While some may disagree, I stand by my original opinion that Groupon isn’t a great way for lawyers to market legal services. As I noted in the comments, a business model that requires any provider to share 50 percent of already deeply discount services doesn’t strike me as a viable business or marketing model, irrespective of how much exposure it produces.
On the other hand, I’m not opposed to lawyers discounting services or working for free, provided that the benefits of their labor inures to their firm or serves the common good rather than enriching someone else. For that reason, I was intrigued by this company, Timbooktwo‘s novel concept:
for every video they make for a tourism company, Timbooktwo will produce another free for a charitable organization.
Could Timbooktwo’s idea work for law firms? For certain practices, why not? For example, a law firm that incorporates small businesses could offer to create a basic LLC agreement for a client referred by a Community Economic Development Project or other similar organization. A law firm handling family law or estate planning matters could handle a pro bono divorce, adoption or will for lower income clients vetted by Legal Aid.
The concept could be applied beyond the “twofer” concept. A firm representing green tech or renewable companies (as I do) could propose to donate a percentage of legal fees to a clean energy non-profit or to a charity of the client’s choosing. An immigration firm might contribute to a charity that assists new immigrants with resettlement and education. The possibilities are endless.
Offering 2-for-one services or charitable contributions entails free work — but it’s a unique, feel-good ideal that could generate local publicity for your firm. Of course, the success of this program depends upon your client base; many clients who need to scrimp together their pennies to afford your retainer might resent a firm that donates its time to others for free. But by that same token, a twofer proposal can also help attract more generous or civic minded clients who won’t begrudge others less fortunate who qualify for free work even if they don’t.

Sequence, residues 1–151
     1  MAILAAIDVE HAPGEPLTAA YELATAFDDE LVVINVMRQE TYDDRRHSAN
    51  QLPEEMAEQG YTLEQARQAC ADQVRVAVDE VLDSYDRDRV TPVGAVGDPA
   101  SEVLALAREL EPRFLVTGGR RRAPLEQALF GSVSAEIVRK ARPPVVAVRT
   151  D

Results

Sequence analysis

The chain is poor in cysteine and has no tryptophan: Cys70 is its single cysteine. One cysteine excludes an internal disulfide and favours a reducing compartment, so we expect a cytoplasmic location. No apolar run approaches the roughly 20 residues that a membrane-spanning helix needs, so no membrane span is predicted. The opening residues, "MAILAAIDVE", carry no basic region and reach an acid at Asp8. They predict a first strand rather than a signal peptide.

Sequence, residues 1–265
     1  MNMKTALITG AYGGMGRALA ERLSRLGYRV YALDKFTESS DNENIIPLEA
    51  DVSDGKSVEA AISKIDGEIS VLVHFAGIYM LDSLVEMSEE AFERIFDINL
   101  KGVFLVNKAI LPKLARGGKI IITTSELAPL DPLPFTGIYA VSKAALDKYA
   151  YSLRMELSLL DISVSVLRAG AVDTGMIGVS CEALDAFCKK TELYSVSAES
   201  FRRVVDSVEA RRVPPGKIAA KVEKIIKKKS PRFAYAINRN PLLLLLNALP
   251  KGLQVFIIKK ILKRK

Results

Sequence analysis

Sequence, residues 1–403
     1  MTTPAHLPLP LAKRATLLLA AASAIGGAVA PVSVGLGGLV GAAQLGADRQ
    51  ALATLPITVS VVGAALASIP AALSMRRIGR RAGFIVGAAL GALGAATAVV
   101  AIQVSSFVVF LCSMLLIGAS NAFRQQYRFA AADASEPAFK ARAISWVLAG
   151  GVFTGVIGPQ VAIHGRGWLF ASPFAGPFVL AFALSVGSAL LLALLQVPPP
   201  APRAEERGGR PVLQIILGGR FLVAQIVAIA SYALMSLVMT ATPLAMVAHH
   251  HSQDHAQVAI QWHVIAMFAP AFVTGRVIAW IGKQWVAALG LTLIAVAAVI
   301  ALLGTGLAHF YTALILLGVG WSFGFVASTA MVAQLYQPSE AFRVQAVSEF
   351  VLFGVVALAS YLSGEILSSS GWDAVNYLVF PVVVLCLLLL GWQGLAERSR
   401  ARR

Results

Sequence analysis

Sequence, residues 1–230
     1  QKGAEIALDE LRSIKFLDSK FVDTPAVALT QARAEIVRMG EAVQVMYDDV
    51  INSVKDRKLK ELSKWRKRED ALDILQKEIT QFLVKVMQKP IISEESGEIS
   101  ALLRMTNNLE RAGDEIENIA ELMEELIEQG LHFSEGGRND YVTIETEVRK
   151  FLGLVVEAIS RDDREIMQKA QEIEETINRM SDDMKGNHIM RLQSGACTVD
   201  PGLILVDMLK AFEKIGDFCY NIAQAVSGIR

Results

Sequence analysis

Lawyers also need to make clear that a twofer service isn’t a way for two friends to get legal services half price by claiming one of the pair as the “charitable beneficiary.” Rather, to keep things clean, any free work or donations provided should go to clients referred by an independent, bonafide legal aid or pro boon organization.
Finally, under most scenarios, a twofer program would likely be ethical. Although most jurisdictions prohibit lawyers from paying or giving something of value for a referral, the twofer offer is targeted directly at clients, not referrals. Thus, from that perspective, it is no different than offering a client a discount or gift for doing business with the firm (not an ethics problem where I practice). Now, if the twofer was targeted at the pro bono group, e.g., the lawyer says “We’ll do free work for your pro bono clients for each paid case you refer,” the outcome might be different because in that scenario, the lawyer is offering “value” (free work) in exchange for referrals. (Note: The Arizona Bar has discussed the ethics of making donations to a charity to extract referrals). Other ethics issues could arise if for example, the lawyer doubled his fee for identical work that would be done under the twofer arrangement without telling clients that the cost would be half as much without the twofer.
Twofer arrangements may not be appropriate for your practice, and that’s fine. But if you have a hankering to work at discounted rates, you might as well feather your own nest rather than someone else’s.